Leaders of a group of conservative Anglican bishops say they will refuse to take Communion while worshiping alongside partnered gay and lesbian bishops at the Lambeth Conference, and they plan to submit and force a vote July 31 on their own measure opposing same-sex marriage and the ordination of gay, partnered clergy.
The group, which calls itself the Global South Fellowship of Anglican Churches, counts 23 Anglican provinces as members and says it represents 75% of Anglicans around the world, particularly in Africa and Asia. “For too long, the Anglican Communion has been driven by the views of the West. In the Global South, we often feel that our voice is not listen to or respected,” South Sudan Archbishop Justin Badi, chairman of the Global South Fellowship, said in a news conference July 29.
Badi’s group is engineering a confrontation with The Episcopal Church and at least five other provinces that have pursued inclusive LGBTQ+ policies. The orthodox bishops want to “impose sanctions” against those provinces, without specifying the sanctions or citing the authority under which they would be enforced. Their strategy runs counter to efforts by Lambeth Conference planners, including its convener, Archbishop of Canterbury Justin Welby, to publicly downplay disagreements over human sexuality and reject perceptions that the typically once-a-decade Lambeth Conference is a legislative body with any authority over its member provinces. An estimated 650 bishops are meeting from July 26-Aug. 8 at the University of Kent.
“It is not a synod,” Welby said earlier July 29 at his own news conference. “It has no legal authority of any kind over any province under any circumstance whatsoever.”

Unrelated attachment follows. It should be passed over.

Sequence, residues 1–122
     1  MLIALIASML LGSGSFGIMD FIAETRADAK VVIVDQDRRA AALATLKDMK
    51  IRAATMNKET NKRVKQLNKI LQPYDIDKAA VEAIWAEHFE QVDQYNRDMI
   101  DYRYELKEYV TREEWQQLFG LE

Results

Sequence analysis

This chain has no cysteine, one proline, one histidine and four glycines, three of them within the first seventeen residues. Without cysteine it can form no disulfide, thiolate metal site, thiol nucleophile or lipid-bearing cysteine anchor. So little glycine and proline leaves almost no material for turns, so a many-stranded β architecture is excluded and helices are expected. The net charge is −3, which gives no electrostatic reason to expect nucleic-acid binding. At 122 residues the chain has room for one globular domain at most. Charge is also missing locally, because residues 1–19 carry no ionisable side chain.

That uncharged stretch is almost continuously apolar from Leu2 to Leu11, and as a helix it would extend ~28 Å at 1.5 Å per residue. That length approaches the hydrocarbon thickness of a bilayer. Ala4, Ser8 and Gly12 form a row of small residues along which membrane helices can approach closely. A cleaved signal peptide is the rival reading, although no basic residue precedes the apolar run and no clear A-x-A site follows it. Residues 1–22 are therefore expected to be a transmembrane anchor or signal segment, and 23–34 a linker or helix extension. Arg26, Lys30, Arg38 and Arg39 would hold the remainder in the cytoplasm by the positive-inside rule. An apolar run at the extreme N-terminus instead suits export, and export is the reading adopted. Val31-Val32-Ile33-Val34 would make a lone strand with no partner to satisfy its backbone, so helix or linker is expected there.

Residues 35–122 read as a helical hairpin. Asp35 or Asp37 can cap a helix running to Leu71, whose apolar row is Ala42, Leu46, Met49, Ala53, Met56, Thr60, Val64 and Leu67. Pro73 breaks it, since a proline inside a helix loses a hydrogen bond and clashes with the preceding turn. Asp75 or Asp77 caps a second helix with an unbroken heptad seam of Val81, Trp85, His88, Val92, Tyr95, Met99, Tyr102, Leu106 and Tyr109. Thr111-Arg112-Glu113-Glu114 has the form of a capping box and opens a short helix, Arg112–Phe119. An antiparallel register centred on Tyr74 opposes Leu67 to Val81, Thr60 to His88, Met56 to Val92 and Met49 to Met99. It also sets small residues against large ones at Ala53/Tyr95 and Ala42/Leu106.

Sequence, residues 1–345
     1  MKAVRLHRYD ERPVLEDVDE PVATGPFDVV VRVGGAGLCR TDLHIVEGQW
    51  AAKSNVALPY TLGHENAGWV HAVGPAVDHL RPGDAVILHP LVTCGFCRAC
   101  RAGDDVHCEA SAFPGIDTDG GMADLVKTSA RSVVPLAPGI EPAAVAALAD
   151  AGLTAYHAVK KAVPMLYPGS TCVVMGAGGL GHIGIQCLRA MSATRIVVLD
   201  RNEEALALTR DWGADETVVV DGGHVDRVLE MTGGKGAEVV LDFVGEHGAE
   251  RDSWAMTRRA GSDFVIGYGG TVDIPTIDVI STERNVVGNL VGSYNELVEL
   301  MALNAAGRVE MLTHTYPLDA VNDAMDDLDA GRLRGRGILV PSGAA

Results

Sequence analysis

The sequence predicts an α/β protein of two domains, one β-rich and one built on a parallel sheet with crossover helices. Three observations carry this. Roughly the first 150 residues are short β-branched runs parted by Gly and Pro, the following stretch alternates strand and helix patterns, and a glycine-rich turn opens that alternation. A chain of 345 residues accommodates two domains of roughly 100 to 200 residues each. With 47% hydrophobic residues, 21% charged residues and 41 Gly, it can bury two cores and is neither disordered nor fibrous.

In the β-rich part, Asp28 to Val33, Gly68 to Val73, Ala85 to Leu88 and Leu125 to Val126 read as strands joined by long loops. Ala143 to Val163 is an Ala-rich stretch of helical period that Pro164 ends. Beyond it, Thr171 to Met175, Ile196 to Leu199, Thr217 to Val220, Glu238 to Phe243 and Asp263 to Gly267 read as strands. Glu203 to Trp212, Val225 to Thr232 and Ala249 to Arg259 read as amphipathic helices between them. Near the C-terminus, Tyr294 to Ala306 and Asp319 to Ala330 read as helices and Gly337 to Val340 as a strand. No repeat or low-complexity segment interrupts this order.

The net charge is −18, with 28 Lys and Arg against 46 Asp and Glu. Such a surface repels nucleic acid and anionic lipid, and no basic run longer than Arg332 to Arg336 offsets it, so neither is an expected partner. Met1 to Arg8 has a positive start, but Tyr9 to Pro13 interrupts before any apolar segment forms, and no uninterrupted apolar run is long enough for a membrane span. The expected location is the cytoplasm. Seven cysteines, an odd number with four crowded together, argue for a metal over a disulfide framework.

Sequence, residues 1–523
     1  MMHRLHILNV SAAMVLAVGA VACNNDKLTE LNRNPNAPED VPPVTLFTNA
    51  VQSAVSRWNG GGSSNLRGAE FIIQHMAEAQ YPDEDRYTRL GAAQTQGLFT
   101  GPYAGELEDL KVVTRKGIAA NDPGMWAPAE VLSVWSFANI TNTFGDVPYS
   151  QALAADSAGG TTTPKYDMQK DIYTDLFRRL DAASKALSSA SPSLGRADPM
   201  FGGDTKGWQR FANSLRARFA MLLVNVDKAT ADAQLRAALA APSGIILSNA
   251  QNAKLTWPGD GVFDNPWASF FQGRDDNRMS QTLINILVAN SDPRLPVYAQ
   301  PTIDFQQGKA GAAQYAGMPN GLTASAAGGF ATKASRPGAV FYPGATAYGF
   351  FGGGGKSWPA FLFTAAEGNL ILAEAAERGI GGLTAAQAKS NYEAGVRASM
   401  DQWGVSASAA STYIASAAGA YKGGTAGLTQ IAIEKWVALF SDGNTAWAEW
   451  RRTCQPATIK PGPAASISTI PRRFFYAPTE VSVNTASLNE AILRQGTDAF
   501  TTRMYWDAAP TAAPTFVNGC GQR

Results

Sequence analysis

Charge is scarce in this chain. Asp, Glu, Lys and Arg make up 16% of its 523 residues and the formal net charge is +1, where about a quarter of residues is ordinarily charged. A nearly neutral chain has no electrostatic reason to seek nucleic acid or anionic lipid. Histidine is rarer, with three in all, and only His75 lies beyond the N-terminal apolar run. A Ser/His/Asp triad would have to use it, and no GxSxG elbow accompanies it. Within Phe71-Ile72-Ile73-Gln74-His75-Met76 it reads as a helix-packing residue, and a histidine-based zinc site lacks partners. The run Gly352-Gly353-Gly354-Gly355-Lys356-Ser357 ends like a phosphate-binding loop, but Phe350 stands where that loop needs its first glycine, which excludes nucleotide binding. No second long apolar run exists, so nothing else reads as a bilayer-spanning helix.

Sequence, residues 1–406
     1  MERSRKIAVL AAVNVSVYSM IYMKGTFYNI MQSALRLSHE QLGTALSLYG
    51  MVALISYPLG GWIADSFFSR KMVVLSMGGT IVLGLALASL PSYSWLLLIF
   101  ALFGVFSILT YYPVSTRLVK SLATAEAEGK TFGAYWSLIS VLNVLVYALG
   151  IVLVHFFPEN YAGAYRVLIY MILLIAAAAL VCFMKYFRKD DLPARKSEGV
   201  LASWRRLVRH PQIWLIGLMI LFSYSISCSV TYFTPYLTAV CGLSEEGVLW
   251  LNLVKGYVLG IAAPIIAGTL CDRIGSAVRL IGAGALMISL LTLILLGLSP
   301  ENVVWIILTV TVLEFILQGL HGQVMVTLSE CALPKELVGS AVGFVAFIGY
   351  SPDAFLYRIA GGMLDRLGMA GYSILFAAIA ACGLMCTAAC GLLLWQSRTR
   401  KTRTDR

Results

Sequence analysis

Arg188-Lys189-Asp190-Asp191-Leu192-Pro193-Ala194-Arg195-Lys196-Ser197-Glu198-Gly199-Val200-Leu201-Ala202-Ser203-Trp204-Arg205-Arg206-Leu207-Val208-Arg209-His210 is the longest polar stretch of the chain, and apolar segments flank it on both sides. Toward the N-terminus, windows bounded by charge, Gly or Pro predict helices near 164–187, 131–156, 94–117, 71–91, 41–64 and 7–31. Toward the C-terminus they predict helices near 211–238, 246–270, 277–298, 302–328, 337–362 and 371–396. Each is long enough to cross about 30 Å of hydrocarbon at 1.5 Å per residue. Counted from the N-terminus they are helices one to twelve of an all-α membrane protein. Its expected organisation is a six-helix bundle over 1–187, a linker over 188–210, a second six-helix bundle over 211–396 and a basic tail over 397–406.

It’s important to note that bishops from several of the Anglican Communion’s largest provinces — Nigeria, for example — are already boycotting this Lambeth Conference and are not in attendance. How many Anglicans worship in Nigeria? That’s a controversial question, with estimates ranging from 9 million to the 25 million enlisted in some evangelistic programs.
As events unfold, it will be important for reporters to watch for statements from the conservative Global Anglican Future Conference (GAFCON), as well as the Global South Fellowship of Anglican Churches. There are bishops and provinces that are active in both of these groups.
At the heart of the current controversy is Lambeth Resolution 1.10, which was approved in 1998 — with 526 votes in favor, contrasted with 70 opposed and 45 abstentions (click here for my “On Religion” column written while attending that gathering). In the years since then, progressive churches in the West have continued to decline — many would say implode — while membership totals in the Global South continue to rise. However, the rich churches still have a higher ratio of voting bishops than those in the Global South. This affects voting.
It’s crucial for reporters to actually read the text of Lambeth 1.10 to see the wider doctrinal context of these battles over moral theology. You can see the small-o “orthodox” take on this piece of the official press release from the Global South Fellowship. Let’s walk through that:
The bishops … want the Communion to impose sanctions on Provinces which ordain bishops in same-sex relations, and conduct same sex weddings — something which has led to schism in the Church. They have also revealed that at the two Conference’ Eucharists at Canterbury Cathedral, orthodox bishops will not receive Holy Communion alongside gay-partnered bishops, and those who endorse same-sex unions in the Church’s faith and order. They shall remain seated.